Three Former Correctional Officers At Angola Prison Sentenced for Abusing an Inmate and Cover-Up
Three former correctional officers with the Louisiana State Penitentiary in Angola, Louisiana, were sentenced today before United States District Judge James J. Brady for the Middle District of Louisiana for abusing an inmate and engaging in conduct to cover up the criminal conduct. Mark Sharp, 33, received 73 months. Kevin Groom, 47, was sentenced to one year probation and a $500 fine. Matthew Cody Butler, 29, received two years probation and a $3,000 fine.
According to court documents filed in connection with their guilty pleas, on January 24, 2010, defendants Groom, Sharp and Butler were on duty as correctional officials when they learned that an inmate had escaped from his assigned location. Shortly after the defendants joined the search for the escapee, the inmate surrendered to prison officials. The inmate was handcuffed behind his back and placed in the back of a pick-up truck to be transported to the medical unit. Groom, Butler, and Sharp escorted the inmate on the back of that truck. During the drive to the medical unit, Sharp repeatedly struck the inmate with a baton. During the investigation of the inmate’s complaint that officers had abused him, Groom and Butler engaged in various conduct to cover up the assault.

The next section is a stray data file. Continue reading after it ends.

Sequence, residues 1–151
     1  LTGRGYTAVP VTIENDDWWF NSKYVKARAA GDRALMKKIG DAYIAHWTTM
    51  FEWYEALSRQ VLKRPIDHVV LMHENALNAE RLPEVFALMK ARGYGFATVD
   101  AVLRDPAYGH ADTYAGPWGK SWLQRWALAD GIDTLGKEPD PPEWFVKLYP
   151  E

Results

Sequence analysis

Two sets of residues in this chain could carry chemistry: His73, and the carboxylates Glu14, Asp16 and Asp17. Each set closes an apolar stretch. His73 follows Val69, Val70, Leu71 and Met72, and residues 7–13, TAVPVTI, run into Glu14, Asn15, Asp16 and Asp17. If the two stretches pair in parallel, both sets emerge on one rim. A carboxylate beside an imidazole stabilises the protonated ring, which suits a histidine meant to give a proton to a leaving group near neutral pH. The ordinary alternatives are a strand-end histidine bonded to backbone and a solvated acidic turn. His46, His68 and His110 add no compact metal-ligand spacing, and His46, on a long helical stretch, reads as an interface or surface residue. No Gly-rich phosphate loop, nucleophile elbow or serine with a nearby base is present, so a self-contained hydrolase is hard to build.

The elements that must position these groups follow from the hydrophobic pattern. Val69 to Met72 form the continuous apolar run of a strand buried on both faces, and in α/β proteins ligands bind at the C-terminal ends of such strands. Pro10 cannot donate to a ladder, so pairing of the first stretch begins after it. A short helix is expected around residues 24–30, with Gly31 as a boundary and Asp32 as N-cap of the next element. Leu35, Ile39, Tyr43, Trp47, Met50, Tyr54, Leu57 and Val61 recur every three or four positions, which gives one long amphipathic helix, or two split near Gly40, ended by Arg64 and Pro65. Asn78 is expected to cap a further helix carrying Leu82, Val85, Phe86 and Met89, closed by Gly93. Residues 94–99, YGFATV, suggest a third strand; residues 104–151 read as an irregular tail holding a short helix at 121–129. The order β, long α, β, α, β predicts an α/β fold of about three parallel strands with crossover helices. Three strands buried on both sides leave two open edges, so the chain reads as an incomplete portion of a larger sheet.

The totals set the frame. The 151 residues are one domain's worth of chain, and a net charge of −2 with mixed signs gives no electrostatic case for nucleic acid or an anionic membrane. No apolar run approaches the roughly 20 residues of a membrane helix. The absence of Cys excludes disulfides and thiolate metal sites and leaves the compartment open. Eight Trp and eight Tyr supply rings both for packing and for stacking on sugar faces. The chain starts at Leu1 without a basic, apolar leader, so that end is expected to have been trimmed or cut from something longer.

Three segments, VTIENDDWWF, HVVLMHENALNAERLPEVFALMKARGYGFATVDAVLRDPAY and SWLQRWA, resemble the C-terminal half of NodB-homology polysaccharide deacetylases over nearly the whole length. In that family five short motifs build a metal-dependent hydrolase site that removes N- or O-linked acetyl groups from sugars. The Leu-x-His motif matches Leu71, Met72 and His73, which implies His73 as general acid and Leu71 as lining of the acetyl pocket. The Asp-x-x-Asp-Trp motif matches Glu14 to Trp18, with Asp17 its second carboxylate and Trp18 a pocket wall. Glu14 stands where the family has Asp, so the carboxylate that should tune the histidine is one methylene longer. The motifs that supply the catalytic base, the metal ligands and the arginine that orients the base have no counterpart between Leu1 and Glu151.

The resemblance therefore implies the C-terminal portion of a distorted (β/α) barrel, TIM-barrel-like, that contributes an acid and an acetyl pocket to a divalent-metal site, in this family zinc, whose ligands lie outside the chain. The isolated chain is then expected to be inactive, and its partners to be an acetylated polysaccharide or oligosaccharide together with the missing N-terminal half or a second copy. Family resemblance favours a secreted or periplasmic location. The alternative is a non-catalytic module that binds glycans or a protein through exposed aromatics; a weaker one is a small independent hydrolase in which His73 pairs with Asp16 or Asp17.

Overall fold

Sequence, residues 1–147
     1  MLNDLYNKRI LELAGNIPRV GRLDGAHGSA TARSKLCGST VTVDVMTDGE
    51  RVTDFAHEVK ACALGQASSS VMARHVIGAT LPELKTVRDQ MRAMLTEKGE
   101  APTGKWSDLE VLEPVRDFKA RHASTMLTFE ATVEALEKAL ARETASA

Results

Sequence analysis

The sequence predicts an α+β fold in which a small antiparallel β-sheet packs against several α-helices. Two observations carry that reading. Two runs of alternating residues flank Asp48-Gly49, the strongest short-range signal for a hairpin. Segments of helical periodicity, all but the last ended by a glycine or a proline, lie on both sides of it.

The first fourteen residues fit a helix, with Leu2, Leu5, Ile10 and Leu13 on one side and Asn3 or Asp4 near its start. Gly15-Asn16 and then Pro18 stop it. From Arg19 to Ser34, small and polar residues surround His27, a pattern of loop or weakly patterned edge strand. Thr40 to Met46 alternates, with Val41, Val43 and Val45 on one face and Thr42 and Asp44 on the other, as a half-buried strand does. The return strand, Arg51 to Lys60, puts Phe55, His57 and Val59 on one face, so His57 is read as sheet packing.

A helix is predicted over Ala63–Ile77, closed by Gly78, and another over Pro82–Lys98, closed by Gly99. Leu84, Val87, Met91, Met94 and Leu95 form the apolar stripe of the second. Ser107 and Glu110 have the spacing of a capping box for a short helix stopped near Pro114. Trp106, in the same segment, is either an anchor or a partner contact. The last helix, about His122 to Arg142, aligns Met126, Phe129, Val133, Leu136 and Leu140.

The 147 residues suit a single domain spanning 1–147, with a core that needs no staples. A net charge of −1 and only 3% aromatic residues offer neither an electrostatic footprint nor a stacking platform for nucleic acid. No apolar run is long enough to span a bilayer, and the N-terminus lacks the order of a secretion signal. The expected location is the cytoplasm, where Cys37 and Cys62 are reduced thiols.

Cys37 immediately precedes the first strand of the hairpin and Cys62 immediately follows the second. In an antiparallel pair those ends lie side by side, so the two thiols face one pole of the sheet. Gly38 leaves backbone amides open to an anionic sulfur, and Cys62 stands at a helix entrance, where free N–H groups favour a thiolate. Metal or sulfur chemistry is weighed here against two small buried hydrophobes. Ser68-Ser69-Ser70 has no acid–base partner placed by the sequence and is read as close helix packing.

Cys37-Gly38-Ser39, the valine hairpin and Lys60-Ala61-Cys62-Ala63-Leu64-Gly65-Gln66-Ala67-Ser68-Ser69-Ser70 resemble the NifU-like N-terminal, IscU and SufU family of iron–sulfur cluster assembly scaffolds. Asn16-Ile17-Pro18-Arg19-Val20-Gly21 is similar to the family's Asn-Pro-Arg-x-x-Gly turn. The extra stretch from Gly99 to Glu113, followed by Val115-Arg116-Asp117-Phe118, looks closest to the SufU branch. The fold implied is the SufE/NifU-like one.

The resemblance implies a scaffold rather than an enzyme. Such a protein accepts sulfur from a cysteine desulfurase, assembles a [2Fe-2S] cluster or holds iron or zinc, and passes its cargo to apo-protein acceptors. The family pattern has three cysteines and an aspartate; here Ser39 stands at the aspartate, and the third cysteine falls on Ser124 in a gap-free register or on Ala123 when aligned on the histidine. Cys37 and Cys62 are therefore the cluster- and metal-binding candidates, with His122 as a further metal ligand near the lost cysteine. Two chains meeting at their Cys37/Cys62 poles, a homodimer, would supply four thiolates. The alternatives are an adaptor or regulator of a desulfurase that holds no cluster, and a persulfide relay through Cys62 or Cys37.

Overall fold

Sharp pleaded guilty to violating the civil rights of the inmate and to making false statements to the FBI. Groom pleaded guilty to falsifying records in a federal investigation and making false statements to the FBI. Butler pleaded guilty to misprision of a felony.
Another former officer, Jason Giroir, also pleaded guilty on May 29, 2013, to falsifying a report and making a false statement to the FBI. He will be sentenced separately on January 29, 2015.
“The vast majority of American law enforcement officers conduct themselves with honor,” said Acting Assistant Attorney General Vanita Gupta for the Civil Rights Division. “But when law enforcement officers abuse inmates and attempt to cover-up their misconduct, the Department of Justice stands ready to hold those officers accountable for their conduct.”
“It is unfortunate that the defendants’ criminal activities threaten to overshadow the courageous and outstanding work performed every day by the vast majority of law enforcement officers, both inside and outside the penal system,” said U.S. Attorney J. Walter Green for the Middle District of Louisiana.
“This thorough and patient investigation not only resulted in the full accountability of all correctional officers involved, but also demonstrated unwavering adherence to the procedural rights of the victim and accused,” said Special Agent in Charge Michael J. Anderson of the FBI’s New Orleans Office.
The investigation in this matter was conducted by Special Agent Taneka Harris of the Federal Bureau of Investigation and prosecuted by Civil Rights Division Trial Attorney AeJean Cha and Assistant U.S. Attorney Robert W. Piedrahita.